This page contains a single entry from the blog posted on October 18, 2011 8:21 PM. The previous post in this blog was Obsessing about Kroger. The next post in this blog is The games begin. Many more can be found on the main index page or by looking through the archives.

E-mail, Feeds, 'n' Stuff

Tuesday, October 18, 2011

Cell tower weasels go Astroturf

This is scary. The T-Mobile cell phone dudes have taken to pitting cell phone users against neighbors who don't want noisy, ugly cell phone equipment popping up in the yards of any homeowner who's hard up enough to take the cell companies' money. Here's the cell boys' pitch: Write your city commissioners! Screw the people who don't want to look at this. If you have a cell phone, you should forget what it would be like to live next to one of these things. Who cares what it looks like out your window, or sounds like when you open that window? Just remember -- you're a slave to that screen...

Ya gotta love how they invite you to write your City Council member, but to do so via their website, where they can trash your message if they don't agree with it. These people are pure greed; there's a special place for them in the hereafter.

Comments (7)

Priceless. What former Reporter is working for them and dreamed this up?

Aw, heck, Jack. Don't defame weasels. They're actually honest straightforward hunters. Instead call those low-down, grifting pieces of corporate crap something else -- like, coprolites. Or, cell cowards. Or, sellular drones. What a bunch of scummy grifters. Can't wait to see the public records requests pour into CoP to get those T-Mogul emails' with full headers and related data.

T-Mobile Customer Losses Seen Tripling as AT&T Deal Review Drags Out
By Scott Moritz and Sarah Frier - Oct 7, 2011 4:55 PM ET
Bloomberg Markets Magazine


T-Mobile USA, the wireless company AT&T Inc. (T) is trying to acquire, may lose three times the number of contract subscribers this year as in 2010 as the U.S. Justice Department’s attempt to stop the deal is hampering the company’s ability to cut prices and creating concerns among users.

The fourth-largest U.S. wireless operator will see the number of customers on monthly contracts decline by about 1.2 million, compared with a drop of 390,000 the year before, according to the average estimate of six analysts surveyed by Bloomberg.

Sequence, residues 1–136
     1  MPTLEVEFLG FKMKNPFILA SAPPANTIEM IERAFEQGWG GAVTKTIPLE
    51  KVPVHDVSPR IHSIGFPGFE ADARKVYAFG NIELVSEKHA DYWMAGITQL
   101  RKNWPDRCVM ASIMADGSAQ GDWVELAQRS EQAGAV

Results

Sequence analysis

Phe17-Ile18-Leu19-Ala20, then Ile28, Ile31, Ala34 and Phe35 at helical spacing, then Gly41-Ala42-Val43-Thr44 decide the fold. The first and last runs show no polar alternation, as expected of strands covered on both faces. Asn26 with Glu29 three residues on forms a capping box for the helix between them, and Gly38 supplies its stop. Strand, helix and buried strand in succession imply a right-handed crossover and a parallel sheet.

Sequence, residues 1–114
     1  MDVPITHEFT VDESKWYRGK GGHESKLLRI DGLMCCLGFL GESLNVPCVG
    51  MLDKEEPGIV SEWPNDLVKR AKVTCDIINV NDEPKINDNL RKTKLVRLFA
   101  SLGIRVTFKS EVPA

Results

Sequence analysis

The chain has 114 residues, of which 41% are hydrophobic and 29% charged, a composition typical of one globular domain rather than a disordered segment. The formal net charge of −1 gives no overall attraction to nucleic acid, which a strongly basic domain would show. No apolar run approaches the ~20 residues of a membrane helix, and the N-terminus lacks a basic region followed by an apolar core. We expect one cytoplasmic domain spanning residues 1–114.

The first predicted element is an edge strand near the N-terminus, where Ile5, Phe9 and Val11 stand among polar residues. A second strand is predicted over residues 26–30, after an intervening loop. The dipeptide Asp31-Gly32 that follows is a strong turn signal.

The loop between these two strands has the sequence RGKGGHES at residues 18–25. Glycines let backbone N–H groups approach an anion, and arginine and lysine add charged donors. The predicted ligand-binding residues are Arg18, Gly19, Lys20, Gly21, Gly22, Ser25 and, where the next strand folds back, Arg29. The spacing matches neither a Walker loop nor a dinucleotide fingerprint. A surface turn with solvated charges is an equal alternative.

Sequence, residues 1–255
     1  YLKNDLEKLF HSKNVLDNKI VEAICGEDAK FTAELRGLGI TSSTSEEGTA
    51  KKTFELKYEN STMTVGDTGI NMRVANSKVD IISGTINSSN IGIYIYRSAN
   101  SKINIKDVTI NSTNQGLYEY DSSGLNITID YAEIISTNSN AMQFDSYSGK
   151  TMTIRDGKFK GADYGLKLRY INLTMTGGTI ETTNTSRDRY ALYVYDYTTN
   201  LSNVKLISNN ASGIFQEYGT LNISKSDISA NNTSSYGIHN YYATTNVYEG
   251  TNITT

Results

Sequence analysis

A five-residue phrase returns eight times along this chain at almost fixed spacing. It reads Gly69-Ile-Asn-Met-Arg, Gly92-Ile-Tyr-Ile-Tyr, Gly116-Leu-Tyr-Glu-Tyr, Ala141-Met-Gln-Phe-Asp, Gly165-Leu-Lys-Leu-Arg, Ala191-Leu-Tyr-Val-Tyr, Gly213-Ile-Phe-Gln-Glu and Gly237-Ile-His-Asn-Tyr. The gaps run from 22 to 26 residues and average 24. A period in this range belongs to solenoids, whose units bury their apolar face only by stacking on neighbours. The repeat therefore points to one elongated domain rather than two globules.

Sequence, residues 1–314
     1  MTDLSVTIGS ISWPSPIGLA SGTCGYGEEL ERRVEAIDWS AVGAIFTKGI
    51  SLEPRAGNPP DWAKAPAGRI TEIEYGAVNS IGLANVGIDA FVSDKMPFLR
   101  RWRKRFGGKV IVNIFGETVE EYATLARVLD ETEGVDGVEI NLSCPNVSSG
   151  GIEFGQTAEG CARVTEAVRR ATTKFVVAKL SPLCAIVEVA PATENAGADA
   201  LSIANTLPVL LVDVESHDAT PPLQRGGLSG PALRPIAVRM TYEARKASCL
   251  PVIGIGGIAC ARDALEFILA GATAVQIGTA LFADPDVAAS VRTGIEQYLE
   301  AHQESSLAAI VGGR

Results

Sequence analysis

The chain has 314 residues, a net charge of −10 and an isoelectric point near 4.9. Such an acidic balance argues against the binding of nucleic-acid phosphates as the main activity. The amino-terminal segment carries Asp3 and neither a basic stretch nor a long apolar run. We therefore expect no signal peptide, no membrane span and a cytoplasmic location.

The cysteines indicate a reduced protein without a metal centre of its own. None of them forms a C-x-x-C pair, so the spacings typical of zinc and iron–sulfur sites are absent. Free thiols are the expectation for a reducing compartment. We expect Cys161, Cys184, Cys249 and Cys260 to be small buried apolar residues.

T-Mobile’s market share losses are being exacerbated because it’s refraining from the aggressive price cuts it has used in the past, said Craig Moffett, an analyst with Sanford C. Bernstein & Co. Though price cuts have helped the company attract customers in the past, they may now aid the Justice Department in making its case T-Mobile should remain independent because it helps suppress prices for consumers, he said.


The Justice Department sued in August to block AT&T’s proposed $39 billion takeover of T-Mobile, a unit of Deutsche Telekom AG (DTE), saying that such a deal would “remove a significant competitive force from the market.”

I gave it a try, not believing that they would forward my negative comments. And I kept my own copy to compare.

The auto-reply message indicated that they sent my comments verbatim (or so I am to believe), but not before affixing the Subject Line "Approve T-Mobile's Cell Site in Alameda/Concordia" to my email.

So I then followed through with another email to all of the addressees, with a subject line of my own choosing, explaining their tampering with my message without my approval, and asked that they withdraw my previous email from the record and replace it with my original content.

It's a pretty clever technique: Swamp everyone's email inboxes with emails all stating a subject line that favors approval for their project, and hope that there's enough email that the recipients just count the subject lines and never open the actual messages and read them. And also hope that the tampering isn't exposed. Which I of course hope I did.